- Press Import.
Note: it's important to test a single flow at a time. Trying to test prototypes with multiple flows can result in the user following an unintended path and thereby failing to complete the given task.
Step 5: Set up the Maze mission
The goal of every usability test is to create tasks and collect data on how users perform them. Therefore, the next vital step is to create the Path. This refers to the expected routes users are to take to the finish point of the task.
Setting the path is as simple as clicking the various pages that link to one another in your navigational flow in the expected order.
- Scroll down to Expected paths
- In the preview section by the right, simply navigate through the prototype from the first page to the last. This loads up the expected user path.
Add the follow-up Questions
After completing a task, it's important to follow participants up with questions regarding their experience. Using the Open Questions block you can add open-ended questions to your mission in Maze.
To add questions, do the following:
- Click Open Questions under the Questions block on the left side of the Build page.
This will lead to the page below where you can enter a question:
Now, when users complete your task, they will be asked whatever questions you entered.
Step 6: Take the usability test live
With all the necessary elements in place, you can now take your test live for participants to join!
- On pressing the Continue button on the Build page, the Share page below opens.
There are three major ways to invite participants: sharing a link, sending out a campaign via Email and hiring participants from the Maze platform.
- Select Copy Maze link
- You can send this link via any means of your choice to your audience.
Edit a live Maze
Now, your Maze is live and participants are interacting with it in real-time. What if you realize all of a sudden that there are errors in your setup?
In our case, there are a lot of misspellings in our description. So is there something we can do about this?
Luckily, there is.
Maze allows you to edit a project even after taking it live. However, some aspects aren't safe to edit as doing that might affect your test outcome.
- Click on the Settings icon.
- Select the Edit Maze option.
Now, you can change the details of your task.
- After making your changes, select Update the Maze.
Analysing test data
Maze delivers different kinds of data from usability tests. You can view the results of your test from the Results page. You will find information on Direct and Indirect Successes, the duration for completion of the test and others for each of the test participants. You can download this as a report as well.
To view the heat maps for each page in your task:
- Click on the paths segment ➡ view heatmaps.
- Select a page.
Stopping the task
At some point, you might decide you have collected enough data for your usability test. The final step of the process is to end the live Maze.
To stop a usability study on Maze, follow the process:
- Go to settings ➡ stop recording
Why use Maze usability testing?
The benefits of testing your prototypes with Maze include:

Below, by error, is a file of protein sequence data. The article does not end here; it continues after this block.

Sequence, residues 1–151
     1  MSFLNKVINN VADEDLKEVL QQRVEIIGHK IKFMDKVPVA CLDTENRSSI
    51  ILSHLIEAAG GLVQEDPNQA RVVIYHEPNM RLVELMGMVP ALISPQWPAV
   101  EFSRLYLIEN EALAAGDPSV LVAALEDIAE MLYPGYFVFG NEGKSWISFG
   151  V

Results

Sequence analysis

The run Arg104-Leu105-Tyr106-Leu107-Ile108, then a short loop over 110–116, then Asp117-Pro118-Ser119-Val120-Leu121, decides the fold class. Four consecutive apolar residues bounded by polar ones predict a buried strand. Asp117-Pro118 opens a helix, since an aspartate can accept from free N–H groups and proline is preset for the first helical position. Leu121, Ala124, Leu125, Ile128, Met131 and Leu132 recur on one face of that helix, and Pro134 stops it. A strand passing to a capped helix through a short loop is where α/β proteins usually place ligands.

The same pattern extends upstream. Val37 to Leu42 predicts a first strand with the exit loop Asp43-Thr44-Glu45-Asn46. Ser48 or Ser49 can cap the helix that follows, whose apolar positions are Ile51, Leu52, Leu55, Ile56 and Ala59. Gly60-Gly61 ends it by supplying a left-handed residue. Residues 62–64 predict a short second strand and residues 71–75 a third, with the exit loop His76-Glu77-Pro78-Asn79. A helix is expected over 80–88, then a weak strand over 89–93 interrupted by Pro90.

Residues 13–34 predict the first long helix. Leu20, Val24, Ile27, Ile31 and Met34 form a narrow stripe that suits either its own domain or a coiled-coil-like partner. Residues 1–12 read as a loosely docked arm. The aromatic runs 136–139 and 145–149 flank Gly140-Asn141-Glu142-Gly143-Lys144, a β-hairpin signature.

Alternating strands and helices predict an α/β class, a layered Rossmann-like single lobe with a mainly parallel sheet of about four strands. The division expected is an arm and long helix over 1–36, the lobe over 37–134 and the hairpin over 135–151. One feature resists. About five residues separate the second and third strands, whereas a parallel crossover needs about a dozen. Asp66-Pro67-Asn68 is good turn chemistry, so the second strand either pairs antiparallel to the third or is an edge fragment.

Cost: recruiting participants for a usability test is often a hassle, more so, if you are after obtaining a large amount of data in which case you need probably thousands of users. The cost for such a study is even accelerated for moderated tests where you might need several facilitators. With usability testing tools like Maze, you can bypass many of these hurdles.
Speed and productivity: UX designers, whether full-time workers or freelancers, understand the place productivity has in the growth of their careers. Automating tasks such as UX research and usability testing helps them be more productive because they free up time to attend to other activities. Software tools such as Maze can help UX designers run and analyse usability studies faster without giving up on quality.
Freedom with questions: To ensure that the UX designer obtains quality data that truly represents the user's opinions and motivations, it is often necessary to employ a variety of question types. For more depth, designers use open-ended questions, opinion scales, etc, that enable users to freely express themselves. Maze enables you to ask users follow-up questions regarding the interface they interacted with— this can help you obtain more meaningful insights.
Quality data: you can analyse a variety of data thanks to the platform's support for multiple data types. One of them is heat-maps.
Heat maps show the click patterns on each interface in a visual format. The varying visual density can help identify parts of the screen with the most touches. This feature is important to UX designers as it can help them detect missed clicks that are probably due to poorly designed calls to action.
Help source participants: a Maze test online offers you the means to recruit participants as well, for a lot of designers, sourcing participants is usually a pain. With Maze, however, you can simply create your tasks and request for the platform to offer participants to partake in your test. However, this feature isn't free.
Live recordings: another interesting feature of the platform is the ability to record live user interactions in your studies. This can be valuable data to designers as it can help them gain a deeper understanding of user behaviour. Just like sourcing participants, this is a paid feature.
To be productive as a UX designer you need to consider alternatives to the more traditional approaches to UX design processes. Using software tools like Maze, designers can easily conduct usability analysis, obtain quality and diverse data, incorporate this into their design thinking strategies and create products that reflect an understanding of the user.